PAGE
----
And all of this is just warm-fuzzies socio-economic morality in the face of the material reality on the ground. Paul Mason of Channel 4 cuts to the chase with “Russell’s audience get pay cheques, but their real spending power is falling.” You regularly hear US adults of my parents age saying “Well I worked through college, I don’t see what the big deal is.” Parents have a distorted view of the modern cost of education because they are paying it with pay cheques that are buttressed by the Golden Era of post-war capitalism and non-parents simply don’t realize how much wages have not grown to match tuitions. You can’t pay for a university education in the English-speaking world on a McDonalds paycheque. Then the advice turns to “well you should just go somewhere and look for work in what you want to do” as if that won’t be full of unpaid internships or a churn-and-burn approach to entry-level employees. My parents are fundamentally shocked every time my sister imparts another story of conditions in a local restaurant, but for my peers and I this is what normalcy looks like. My father told me “unions are unnecessary in modern businesses” while one of my best friends works for a top-flight tech company and gets a mere 12 days vacation and is encouraged not to take them.
So when Jon Chivers speaks of “pockets of regression” I know he has missed out on the great macabre humour of my generation in Old Economy Steve (perhaps a modern Mr. Block). And if I seem wildly depressing it is only in relation to the unexamined assumptions underlying Chivers’ assertion. “Things will get better because they are better than 200 years ago” is a terrible piece of inductive reasoning (even better, it comes from a science writer). This ignores the seemingly unbeatable Great Depression, which was ended only by the near-total failure of democracy against fascism, and the following destabilizing geo-politics of the Cold War and its constant threat of nuclear annihilation. In the deeper past we see the collapse of progressive civilisation after progressive civilisation. He substitutes clear, critical thinking about our present state of affairs with a promise that it will get better, without a when, that it has always gotten better, without a how, and to believe in the “political system”, without a why. This is a severe intellectual dishonesty in the face of Brand’s self-deprecating “I don’t really have a complete answer” because Brand is actually giving you the answer: Don’t believe things will “just get better” or that the current system will work it out. The reason things have gotten better is because of constant vigilance against injustice and tireless work towards a better world, regardless of mainstream approval. This is why there is no more legal segregation, why the US has a ragged social safety net instead of a labour Thunderdome, and why Germany has progressive environmental laws. Leaning back and waiting for “progress” to win out is more pathetic that apathetic non-voting because it depends on the deep and demanding sacrifices of great citizens, and then in the end Chivers will say “Look how things just naturally get better.”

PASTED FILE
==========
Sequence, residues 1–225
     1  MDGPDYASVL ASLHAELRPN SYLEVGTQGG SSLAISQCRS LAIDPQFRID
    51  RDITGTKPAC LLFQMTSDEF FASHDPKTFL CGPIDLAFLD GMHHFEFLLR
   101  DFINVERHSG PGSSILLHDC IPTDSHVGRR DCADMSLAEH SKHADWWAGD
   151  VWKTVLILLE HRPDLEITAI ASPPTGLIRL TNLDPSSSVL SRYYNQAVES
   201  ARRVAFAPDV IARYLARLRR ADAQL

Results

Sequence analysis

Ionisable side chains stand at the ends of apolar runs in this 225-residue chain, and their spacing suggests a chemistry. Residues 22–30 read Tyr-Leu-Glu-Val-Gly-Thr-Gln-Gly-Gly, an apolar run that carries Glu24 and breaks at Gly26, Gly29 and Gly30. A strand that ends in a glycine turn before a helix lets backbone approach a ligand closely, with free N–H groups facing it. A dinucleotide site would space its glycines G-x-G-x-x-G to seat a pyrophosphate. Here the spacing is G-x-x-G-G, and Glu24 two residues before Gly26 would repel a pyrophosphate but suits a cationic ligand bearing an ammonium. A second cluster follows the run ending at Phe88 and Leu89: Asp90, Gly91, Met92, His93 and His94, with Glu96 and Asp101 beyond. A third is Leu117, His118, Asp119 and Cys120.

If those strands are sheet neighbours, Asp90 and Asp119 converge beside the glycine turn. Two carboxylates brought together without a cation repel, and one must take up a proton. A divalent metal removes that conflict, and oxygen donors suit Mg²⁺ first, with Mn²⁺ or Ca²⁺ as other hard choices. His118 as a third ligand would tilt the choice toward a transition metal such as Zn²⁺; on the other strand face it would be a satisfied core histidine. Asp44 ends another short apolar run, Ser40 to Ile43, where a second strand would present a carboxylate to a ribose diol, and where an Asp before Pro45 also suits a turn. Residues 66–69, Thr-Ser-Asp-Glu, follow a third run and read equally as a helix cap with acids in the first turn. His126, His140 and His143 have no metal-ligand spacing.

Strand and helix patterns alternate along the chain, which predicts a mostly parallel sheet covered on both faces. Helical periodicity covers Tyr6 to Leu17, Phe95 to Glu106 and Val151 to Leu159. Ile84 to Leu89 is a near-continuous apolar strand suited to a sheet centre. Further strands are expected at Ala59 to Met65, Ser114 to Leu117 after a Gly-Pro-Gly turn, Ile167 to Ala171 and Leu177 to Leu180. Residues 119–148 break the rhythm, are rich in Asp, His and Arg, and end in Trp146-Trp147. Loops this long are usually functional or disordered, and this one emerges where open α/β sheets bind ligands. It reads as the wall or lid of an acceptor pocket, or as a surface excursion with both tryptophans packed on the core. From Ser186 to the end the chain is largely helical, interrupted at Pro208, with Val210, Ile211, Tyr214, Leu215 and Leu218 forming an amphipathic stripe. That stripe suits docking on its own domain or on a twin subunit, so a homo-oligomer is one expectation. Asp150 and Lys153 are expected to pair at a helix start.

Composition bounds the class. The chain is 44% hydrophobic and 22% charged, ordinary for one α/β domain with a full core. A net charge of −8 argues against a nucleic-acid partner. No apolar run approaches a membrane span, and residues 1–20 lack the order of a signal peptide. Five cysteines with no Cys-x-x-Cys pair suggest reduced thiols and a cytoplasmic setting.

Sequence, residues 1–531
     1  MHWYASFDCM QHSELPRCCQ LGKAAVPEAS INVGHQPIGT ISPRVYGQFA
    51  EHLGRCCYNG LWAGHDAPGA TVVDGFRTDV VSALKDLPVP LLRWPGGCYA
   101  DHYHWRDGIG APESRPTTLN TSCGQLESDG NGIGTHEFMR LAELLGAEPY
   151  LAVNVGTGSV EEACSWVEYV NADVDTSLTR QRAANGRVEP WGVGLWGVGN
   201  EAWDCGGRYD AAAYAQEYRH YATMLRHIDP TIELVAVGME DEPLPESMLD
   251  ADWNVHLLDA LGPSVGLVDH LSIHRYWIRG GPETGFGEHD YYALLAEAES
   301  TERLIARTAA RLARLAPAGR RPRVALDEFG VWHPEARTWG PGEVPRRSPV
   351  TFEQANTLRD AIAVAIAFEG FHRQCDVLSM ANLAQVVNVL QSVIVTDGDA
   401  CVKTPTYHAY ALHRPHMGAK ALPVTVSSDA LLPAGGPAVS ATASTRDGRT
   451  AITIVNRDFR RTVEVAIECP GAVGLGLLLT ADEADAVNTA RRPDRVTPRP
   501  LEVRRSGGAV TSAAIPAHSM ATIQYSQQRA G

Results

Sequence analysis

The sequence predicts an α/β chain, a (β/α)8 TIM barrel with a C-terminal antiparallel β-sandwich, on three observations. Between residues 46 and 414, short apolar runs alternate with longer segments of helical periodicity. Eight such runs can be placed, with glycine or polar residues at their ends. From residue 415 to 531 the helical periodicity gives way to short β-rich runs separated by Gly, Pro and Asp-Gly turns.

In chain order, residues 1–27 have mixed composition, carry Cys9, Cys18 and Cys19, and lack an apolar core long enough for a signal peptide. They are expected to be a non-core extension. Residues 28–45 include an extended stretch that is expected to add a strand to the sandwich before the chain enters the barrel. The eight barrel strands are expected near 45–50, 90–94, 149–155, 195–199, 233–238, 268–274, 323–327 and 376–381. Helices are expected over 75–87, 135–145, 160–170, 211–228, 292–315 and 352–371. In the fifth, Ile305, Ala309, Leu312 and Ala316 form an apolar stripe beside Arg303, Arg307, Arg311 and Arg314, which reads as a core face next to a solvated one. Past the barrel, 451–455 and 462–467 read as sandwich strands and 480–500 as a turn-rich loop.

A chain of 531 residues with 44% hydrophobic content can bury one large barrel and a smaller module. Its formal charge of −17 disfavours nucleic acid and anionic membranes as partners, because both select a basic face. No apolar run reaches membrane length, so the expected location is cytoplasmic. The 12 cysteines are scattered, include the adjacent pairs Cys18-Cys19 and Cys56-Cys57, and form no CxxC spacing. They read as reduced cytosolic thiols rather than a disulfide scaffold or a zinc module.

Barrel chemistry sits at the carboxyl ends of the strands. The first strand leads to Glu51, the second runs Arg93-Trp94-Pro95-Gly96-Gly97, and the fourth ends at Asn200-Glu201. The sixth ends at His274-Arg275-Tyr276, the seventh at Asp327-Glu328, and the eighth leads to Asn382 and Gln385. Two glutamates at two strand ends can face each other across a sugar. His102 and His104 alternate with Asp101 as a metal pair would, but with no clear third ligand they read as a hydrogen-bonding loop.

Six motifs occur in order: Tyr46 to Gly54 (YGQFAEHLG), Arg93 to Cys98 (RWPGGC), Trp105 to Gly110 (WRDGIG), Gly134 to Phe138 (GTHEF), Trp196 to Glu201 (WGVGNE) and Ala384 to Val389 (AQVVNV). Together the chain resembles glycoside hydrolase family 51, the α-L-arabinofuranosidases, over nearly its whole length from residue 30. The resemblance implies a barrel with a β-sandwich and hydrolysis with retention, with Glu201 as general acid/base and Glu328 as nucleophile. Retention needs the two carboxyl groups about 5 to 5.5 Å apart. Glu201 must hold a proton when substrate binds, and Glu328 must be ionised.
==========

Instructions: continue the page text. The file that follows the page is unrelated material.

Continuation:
“Those who profess to favor freedom and yet depreciate agitation, are people who want crops without ploughing the ground; they want rain without thunder and lightning; they want the ocean without the roar of its many waters.”